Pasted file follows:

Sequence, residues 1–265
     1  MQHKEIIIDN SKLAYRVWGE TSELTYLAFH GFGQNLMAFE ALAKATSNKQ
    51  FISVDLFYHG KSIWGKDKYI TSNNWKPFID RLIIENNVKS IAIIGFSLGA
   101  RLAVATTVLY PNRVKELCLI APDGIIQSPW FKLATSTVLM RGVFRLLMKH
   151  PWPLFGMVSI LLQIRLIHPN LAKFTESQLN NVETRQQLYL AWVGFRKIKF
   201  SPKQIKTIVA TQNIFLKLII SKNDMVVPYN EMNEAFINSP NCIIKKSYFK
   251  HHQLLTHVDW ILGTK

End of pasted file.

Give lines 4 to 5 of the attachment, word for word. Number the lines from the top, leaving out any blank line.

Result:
   101  RLAVATTVLY PNRVKELCLI APDGIIQSPW FKLATSTVLM RGVFRLLMKH
   151  PWPLFGMVSI LLQIRLIHPN LAKFTESQLN NVETRQQLYL AWVGFRKIKF